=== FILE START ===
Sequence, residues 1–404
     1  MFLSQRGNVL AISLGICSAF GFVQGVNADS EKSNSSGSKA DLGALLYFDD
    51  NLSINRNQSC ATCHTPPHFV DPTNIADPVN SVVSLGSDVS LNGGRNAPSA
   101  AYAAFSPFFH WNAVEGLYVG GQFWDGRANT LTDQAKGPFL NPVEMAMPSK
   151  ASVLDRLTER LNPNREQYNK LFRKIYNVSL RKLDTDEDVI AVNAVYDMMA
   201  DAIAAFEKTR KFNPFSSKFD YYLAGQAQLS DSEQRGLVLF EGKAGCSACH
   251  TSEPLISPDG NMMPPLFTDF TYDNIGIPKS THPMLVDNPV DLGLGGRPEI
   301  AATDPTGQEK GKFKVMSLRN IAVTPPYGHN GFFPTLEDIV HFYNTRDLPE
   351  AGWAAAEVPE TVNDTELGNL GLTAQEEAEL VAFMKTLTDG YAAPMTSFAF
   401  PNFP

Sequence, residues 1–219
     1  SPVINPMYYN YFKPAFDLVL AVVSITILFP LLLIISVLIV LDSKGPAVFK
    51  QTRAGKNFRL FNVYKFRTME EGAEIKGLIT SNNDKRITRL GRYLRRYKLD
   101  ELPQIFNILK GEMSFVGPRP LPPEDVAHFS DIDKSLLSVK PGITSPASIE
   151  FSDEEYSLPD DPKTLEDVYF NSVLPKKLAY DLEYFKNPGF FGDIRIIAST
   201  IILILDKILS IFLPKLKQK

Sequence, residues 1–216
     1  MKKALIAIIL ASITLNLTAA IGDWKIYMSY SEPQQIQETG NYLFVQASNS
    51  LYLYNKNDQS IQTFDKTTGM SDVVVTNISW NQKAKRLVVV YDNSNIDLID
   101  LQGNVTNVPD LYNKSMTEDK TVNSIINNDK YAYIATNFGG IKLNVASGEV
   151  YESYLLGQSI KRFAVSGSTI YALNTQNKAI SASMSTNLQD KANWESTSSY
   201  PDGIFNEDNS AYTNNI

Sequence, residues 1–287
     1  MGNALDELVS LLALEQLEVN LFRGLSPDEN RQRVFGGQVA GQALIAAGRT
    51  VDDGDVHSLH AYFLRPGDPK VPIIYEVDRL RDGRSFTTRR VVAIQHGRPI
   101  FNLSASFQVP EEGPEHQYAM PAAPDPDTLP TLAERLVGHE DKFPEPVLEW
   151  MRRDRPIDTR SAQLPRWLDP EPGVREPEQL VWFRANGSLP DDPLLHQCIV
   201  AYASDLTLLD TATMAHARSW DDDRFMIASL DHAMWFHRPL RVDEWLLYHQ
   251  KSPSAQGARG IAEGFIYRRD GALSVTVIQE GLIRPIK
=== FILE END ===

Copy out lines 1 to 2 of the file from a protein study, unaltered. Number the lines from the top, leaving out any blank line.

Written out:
Sequence, residues 1–404
     1  MFLSQRGNVL AISLGICSAF GFVQGVNADS EKSNSSGSKA DLGALLYFDD